Even hear the old saying, “This product is so good it sells itself?”
Kyle Ewing shares why your product won’t sell itself and why you need to embrace sales if you want to work for yourself.
He’s the founder of TerraSlate Paper, a waterproof and tear proof paper used by the military and as washable menus by restaurants.
Lot of great lessons in our conversation including:
- Why selling is the most important activity during the early days of your business.
- Why he works harder for less money compared to when he worked for someone else.
- How he felt when he has 100,000 sheets of his paper with no market to sell to.
- Toughest lesson he learned as a result of starting his business.
Life Skills That Matter In This Episode
- Tell your story.
How Kyle Works and Thinks
- Wake up time: 5:45 am
- Core work activities + habits: 1) Hire people. 2) Find a way to meet demand. 3) Get his hands off of as many things as possible.
- Ideal work environment: In the morning, being first in the office with no one around asking questions and the phone not ringing, having a couple hours to really concentrate and work in deep thought.
- Superpower: Working at a really high speed for 12 hours at a time.
- Regains focus by: Making a good sale.
- 90-day goal: Hiring really good leaders to increase capacity, but maintain the quality that customers expect.
“The key really is, when you want to sell a product, is to get on the phone and sell it.”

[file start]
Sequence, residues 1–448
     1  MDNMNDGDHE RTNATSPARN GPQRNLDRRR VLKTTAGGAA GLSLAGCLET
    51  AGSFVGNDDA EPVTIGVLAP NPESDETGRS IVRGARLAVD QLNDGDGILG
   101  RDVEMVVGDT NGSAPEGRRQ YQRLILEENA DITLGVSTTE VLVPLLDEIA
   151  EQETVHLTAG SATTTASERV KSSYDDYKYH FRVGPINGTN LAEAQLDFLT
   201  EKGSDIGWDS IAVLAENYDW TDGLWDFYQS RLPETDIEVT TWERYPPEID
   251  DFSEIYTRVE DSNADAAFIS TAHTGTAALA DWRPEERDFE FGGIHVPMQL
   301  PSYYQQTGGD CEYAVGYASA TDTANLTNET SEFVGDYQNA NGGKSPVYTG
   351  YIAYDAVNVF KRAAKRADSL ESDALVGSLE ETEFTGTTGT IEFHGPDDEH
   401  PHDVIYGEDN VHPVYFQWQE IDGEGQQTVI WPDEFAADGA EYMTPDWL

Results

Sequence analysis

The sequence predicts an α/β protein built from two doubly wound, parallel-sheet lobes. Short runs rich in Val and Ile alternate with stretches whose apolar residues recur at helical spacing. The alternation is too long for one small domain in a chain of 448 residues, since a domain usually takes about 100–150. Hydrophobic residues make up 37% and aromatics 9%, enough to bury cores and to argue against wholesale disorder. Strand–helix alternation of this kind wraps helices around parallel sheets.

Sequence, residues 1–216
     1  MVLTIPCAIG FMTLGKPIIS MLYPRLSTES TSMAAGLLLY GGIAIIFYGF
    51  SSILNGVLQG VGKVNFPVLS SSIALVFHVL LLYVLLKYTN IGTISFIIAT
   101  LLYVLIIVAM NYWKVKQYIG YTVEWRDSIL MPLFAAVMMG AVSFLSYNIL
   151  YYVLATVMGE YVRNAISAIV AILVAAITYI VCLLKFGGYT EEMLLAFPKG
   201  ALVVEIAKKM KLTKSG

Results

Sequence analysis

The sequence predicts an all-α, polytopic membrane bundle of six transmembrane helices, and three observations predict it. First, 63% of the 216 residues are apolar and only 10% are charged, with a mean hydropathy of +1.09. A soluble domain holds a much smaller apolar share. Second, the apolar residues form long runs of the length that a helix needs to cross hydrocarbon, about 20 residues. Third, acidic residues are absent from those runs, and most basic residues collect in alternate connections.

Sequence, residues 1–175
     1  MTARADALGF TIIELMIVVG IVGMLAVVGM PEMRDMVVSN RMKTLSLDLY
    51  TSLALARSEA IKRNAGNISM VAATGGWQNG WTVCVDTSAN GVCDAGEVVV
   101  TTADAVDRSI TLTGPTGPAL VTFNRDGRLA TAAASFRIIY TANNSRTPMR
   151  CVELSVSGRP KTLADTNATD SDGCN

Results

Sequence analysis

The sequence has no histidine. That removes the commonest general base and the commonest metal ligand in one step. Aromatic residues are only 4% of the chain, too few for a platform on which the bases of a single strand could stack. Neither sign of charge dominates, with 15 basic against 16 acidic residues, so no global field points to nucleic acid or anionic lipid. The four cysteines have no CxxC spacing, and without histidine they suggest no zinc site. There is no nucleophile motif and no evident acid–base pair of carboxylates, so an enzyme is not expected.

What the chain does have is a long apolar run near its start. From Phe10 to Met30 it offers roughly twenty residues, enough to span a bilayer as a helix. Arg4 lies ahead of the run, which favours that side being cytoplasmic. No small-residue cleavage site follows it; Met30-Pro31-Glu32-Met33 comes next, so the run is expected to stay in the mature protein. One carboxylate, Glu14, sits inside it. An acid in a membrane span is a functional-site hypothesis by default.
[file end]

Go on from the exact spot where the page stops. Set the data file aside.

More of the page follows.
“The risk is there, but it’s probably lower than what you think it is.”
“As soon as I started my own company, I had never known what hard work was, I mean I work harder now than I’ve ever worked.”
“One of the most valuable things I learned from being a management consultant is how to give a pitch.”
“Part of my personality is I am motivated by the challenge.”
“Sell the benefits. The features are great, but the benefits are what people buy.”
Have a business idea you can’t get off your mind? Kyle suggested these steps to give your idea a chance:
1) Get on the phone and figure out how to make a minimum viable product (MVP) by calling the best people you know and following their recommendations.
2) Set a goal of spending 1 hour per day figuring out the next steps avoid getting complacent.
Resources + Bonus Materials
Building A Minimal Viable Product (MVP) With Amy Kauffman (102)
Selling When You Have No Sales Experience With Meredith Bell (037)
Create Time Freedom With Laura Roeder (360)
Connect With Kyle